# Plot 3D prisms using ggplot2 and plotly

I have a list `a` with three matrices and a vector `h` with three heights (any positive real number). These matrices form triangles, that is, the base of the prism. I want to add the information of vector `h` to construct prisms.

I've created a function to plot graphics in 2D (`pplot`). How can I plot the prisms as in the figure below?

Let `pplot` and a toy problem be an example:

``````library(ggplot2)
pplot <- function(polygon){
polygon <- lapply(polygon, function(x) {colnames(x) <- NULL; x})
vertex_number = nrow(polygon[[1]])
g = ggplot2::ggplot()
names(polygon) = 1:length(polygon)
k <- plyr::ldply(polygon, function(x) data.frame(x))
g <- ggplot2::ggplot(k, ggplot2::aes(x = X1, y = X2, group = .id)) + ggplot2::geom_polygon(colour = "black", fill = NA)
return(g)
}

a <- list()
b1 <- matrix(rnorm(6), ncol = 2)
b2 <- matrix(rnorm(6), ncol = 2)
b3 <- matrix(rnorm(6), ncol = 2)

a[[1]] <- b1
a[[2]] <- b2
a[[3]] <- b3

h <- c(.3, .5, .1)
#pplot function example
pplot(a)
``````

Graphic desired

Where the coordinate `a = d`, `b = f`, `c = e` are vertices and all information is in `a`.

Observation 1: The data must a list.

Observation 2: I've created a post in portuguese, but nobody answered. Can I do this or it is cheating? (I'm new here) https://pt.stackoverflow.com/questions/165538/plotar-figuras-3d-para-dados-em-lista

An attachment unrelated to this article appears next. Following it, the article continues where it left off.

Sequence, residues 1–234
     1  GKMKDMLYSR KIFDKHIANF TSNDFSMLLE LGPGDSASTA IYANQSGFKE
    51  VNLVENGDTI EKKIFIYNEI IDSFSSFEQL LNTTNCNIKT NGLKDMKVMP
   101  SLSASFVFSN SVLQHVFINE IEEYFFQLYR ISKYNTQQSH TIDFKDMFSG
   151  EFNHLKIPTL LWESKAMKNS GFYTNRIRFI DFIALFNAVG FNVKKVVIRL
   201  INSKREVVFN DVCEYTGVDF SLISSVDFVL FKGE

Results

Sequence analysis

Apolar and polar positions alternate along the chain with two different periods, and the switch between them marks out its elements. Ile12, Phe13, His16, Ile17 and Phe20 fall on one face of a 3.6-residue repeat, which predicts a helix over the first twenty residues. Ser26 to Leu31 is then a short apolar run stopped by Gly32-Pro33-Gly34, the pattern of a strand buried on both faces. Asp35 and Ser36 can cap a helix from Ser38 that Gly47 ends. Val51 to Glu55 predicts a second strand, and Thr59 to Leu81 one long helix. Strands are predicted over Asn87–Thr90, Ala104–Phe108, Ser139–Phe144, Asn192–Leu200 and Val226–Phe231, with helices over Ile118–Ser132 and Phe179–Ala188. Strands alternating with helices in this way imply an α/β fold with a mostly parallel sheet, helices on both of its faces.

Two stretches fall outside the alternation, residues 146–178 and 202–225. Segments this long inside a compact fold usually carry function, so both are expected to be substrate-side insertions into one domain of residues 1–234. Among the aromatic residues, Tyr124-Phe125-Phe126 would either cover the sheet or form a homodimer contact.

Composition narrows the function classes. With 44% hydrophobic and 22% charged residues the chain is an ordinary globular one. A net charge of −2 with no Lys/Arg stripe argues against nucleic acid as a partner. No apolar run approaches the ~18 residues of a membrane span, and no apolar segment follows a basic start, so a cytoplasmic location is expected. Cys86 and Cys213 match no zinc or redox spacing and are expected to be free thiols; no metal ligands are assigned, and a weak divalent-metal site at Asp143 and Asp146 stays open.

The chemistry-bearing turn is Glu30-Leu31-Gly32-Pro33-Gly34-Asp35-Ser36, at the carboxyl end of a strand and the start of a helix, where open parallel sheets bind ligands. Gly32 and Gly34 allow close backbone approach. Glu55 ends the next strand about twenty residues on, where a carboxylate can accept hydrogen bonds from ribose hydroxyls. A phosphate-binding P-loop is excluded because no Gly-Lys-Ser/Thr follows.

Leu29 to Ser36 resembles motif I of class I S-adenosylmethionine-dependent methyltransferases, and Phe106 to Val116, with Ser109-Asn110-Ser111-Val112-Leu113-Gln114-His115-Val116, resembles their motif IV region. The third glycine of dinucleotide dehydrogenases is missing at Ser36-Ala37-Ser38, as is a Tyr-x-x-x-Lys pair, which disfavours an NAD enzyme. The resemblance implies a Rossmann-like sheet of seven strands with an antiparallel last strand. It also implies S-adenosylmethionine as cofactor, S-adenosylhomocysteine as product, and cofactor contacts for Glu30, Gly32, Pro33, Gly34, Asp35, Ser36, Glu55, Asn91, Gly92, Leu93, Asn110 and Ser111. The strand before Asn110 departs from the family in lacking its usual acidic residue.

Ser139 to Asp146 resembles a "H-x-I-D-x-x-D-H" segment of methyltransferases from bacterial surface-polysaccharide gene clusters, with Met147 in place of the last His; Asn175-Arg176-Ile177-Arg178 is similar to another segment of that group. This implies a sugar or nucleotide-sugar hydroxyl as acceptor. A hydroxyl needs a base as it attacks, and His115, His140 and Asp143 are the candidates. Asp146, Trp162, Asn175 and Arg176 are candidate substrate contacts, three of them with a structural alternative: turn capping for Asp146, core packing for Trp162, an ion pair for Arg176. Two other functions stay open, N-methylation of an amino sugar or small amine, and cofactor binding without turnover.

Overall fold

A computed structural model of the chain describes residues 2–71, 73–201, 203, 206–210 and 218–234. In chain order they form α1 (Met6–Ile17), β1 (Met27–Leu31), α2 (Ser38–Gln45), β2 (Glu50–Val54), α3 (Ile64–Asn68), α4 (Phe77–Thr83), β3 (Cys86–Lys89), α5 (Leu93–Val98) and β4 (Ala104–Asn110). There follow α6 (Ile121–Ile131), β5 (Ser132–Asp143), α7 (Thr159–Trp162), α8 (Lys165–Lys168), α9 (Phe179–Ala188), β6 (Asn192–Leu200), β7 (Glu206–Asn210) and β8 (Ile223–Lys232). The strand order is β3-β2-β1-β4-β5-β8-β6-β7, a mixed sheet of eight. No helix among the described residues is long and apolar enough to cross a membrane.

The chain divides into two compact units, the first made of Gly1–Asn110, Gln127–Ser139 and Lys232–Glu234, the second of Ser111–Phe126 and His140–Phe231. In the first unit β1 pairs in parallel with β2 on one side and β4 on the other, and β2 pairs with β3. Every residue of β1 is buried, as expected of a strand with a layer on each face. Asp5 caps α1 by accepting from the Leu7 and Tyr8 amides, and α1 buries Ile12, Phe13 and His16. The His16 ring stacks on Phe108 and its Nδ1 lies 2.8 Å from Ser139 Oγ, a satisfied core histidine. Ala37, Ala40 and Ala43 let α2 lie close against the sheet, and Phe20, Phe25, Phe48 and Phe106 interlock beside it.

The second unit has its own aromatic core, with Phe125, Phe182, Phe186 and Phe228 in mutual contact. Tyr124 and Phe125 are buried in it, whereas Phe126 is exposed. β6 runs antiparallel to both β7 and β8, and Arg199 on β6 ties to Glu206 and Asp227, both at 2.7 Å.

• I thought ggplot didn't do 3D. Can you point us to an example where that supposition is proven incorrect? Nov 15, 2016 at 16:33
• An example can be seen in: r-bloggers.com/3d-plots-with-ggplot2-and-plotly Nov 15, 2016 at 16:39
• As I read that blog, it is plotly that is doing the 3D razzmatazz. Nov 15, 2016 at 16:43
• Yes, I modefied the title. Nov 15, 2016 at 16:46
• You need to explain what is desired. Perhaps the matrices are the coordinates of the bases of the polygonal pyramids and the "frequencies" are the heights? This would be a rather poorly designed graphic. This sort of graphic is typical of Excel and generally deprecated by the graphics experts who use R because the human perception of heights will not be accurate. Nov 15, 2016 at 17:05

I'm not 100% sure I understood the task correctly. Nevertheless here's a draft for a solution with the package `rgl`. In my opinion it's still the best 3D plotting framework for R, because it's much faster and scales better than the javascript APIs (plotly, rthreejs etc.).

``````#### load package rgl ####
library(rgl)

set.seed(1232)

#### construct test list with coordinate matrices ####
a <- list()
b1 <- matrix(rnorm(6), ncol = 2)
b2 <- matrix(rnorm(6), ncol = 2)
b3 <- matrix(rnorm(6), ncol = 2)

a[[1]] <- b1
a[[2]] <- b2
a[[3]] <- b3

#### define test height vector ####
h <- c(.3, .5, .1)

#### simple plot prism function ####
# a: list with coordinate matrices
# h: height vector
plotprism <- function(a, h){
# general loop to plot every prism
for(i in 1:length(h)){
# transform matrizes to data.frames and add height column
# -> separation of top and bottom triangle
top <- data.frame(a[[i]], h[i])
bottom <- data.frame(a[[i]], 0)
# adjust colnames to axis names
colnames(top) <- c("x", "y", "z")
colnames(bottom) <- c("x", "y", "z")
# plot triangles (as wireframes)
triangles3d(bottom, front = "line", back = "line")
triangles3d(top, front = "line", back = "line")
# plot vertical lines to connect the triangles
for(i in 0:2){
segments3d(
x = c(bottom\$x[1+i], top\$x[1+i]),
y = c(bottom\$y[1+i], top\$y[1+i]),
z = c(bottom\$z[1+i], top\$z[1+i])
)
}
}